Comcast is once again expanding its popular Internet access program for low-income families lacking broadband access.

The Internet Essentials program kicked off two years ago as a way to get low-cost, broadband Internet to families whose children qualify for free lunch at public schools.

Comcast designed the program in part to give students access to high-speed Internet so they can complete the same multimedia and online projects as their wealthier peers.

"It's leveling the playing field," said Comcast spokesman Bob Grove said.

Last year, that was expanded to families who qualify for reduced-price lunch, and the download speed was doubled to about 3 megabytes.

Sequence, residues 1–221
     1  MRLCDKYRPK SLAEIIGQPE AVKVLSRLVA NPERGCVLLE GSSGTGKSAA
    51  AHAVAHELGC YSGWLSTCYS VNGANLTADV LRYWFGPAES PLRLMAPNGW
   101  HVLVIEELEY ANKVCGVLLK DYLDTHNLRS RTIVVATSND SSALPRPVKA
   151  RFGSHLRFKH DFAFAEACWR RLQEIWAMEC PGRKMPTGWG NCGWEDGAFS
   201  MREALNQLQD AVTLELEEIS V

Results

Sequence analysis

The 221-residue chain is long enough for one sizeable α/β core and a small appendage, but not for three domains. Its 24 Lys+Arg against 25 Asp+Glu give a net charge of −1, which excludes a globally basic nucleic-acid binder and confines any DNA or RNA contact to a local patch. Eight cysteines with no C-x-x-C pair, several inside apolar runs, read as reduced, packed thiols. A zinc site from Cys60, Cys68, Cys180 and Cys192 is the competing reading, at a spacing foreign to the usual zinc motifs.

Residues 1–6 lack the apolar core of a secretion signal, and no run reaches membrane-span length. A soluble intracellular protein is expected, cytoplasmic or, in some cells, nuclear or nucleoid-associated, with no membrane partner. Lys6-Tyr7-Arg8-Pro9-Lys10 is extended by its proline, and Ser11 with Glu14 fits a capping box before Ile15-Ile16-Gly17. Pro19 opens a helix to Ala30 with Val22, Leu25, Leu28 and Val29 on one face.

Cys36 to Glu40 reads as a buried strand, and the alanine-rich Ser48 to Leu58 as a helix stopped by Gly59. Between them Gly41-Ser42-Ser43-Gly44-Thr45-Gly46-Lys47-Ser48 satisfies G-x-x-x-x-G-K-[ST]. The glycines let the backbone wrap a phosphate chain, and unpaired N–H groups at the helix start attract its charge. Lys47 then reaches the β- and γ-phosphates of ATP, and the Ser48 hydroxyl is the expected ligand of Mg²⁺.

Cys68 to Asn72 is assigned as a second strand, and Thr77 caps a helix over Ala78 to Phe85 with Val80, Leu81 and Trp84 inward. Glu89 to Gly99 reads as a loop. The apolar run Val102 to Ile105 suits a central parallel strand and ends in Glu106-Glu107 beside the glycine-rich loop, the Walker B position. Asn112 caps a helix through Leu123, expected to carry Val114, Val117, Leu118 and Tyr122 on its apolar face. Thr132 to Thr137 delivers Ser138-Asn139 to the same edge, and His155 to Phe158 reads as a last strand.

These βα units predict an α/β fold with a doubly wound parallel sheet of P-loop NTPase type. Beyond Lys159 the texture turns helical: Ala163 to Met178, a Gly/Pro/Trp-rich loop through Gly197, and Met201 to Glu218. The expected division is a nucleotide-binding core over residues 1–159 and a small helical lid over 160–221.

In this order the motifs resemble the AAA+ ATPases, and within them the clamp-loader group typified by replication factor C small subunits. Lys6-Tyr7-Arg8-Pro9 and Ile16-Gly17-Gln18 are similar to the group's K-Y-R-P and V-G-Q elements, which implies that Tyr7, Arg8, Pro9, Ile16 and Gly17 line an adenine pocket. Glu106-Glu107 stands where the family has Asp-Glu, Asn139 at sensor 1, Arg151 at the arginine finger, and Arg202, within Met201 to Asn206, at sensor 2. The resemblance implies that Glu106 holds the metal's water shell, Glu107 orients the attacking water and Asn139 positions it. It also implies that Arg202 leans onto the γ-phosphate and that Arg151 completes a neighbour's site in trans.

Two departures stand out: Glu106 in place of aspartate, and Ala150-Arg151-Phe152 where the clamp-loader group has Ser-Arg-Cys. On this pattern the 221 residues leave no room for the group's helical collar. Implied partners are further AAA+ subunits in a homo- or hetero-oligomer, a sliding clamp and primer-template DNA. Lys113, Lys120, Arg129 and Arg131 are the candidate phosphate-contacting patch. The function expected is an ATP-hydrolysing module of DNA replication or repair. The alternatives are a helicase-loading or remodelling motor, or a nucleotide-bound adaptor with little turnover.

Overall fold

This year, low-income students at parochial and private schools and those who are home schooled are now eligible, Grove said.

That makes the overall eligible pool about 2.6 million families across Comcast's service area, several hundred thousands more than last year.

"We're forging on with this program," he said.

About 150,000 families overall and 7,800 in Pennsylvania have signed up so far for Internet access, according to Comcast; anyone living in Comcast's service area and who meets financial eligibility can qualify. High-speed Internet can be obtained for about $10 a month.

And thousands are signing up to get a heavily discounted laptop or netbook through the program, too.


"We feel it's definitely hitting a need," Grove said. "The pace of signups is increasing."

For more information, visit, or call 1-855-846-8376. School districts and nonprofits can get materials for free to have available for families, Grove said.

-- Reach Andrew Shaw at